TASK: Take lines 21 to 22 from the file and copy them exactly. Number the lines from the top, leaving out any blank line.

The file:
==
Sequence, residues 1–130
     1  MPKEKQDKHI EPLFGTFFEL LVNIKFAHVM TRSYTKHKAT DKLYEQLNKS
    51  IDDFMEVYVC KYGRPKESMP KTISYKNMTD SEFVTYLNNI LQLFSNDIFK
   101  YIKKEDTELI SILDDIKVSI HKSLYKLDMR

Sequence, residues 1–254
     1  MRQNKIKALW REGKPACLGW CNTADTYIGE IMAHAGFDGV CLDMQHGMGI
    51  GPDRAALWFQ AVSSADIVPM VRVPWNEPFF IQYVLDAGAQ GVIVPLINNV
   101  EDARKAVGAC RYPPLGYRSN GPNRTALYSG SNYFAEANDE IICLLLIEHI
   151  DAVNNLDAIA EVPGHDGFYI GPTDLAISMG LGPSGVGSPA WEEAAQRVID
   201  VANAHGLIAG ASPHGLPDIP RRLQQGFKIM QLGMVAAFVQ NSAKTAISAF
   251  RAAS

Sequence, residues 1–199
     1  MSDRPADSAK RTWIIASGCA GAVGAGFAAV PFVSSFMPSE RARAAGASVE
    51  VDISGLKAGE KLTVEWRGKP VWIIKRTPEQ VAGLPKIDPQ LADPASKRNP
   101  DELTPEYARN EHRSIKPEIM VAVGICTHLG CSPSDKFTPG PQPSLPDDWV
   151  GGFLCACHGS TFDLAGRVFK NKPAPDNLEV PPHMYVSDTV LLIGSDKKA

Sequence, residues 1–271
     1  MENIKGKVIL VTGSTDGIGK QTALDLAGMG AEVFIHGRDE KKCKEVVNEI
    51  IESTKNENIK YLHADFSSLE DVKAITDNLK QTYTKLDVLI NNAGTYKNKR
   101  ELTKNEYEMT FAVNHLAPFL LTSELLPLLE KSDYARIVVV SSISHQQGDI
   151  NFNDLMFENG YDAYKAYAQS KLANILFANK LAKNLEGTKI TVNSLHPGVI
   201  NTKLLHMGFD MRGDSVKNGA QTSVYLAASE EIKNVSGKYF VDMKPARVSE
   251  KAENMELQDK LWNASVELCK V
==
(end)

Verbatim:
   151  NFNDLMFENG YDAYKAYAQS KLANILFANK LAKNLEGTKI TVNSLHPGVI
   201  NTKLLHMGFD MRGDSVKNGA QTSVYLAASE EIKNVSGKYF VDMKPARVSE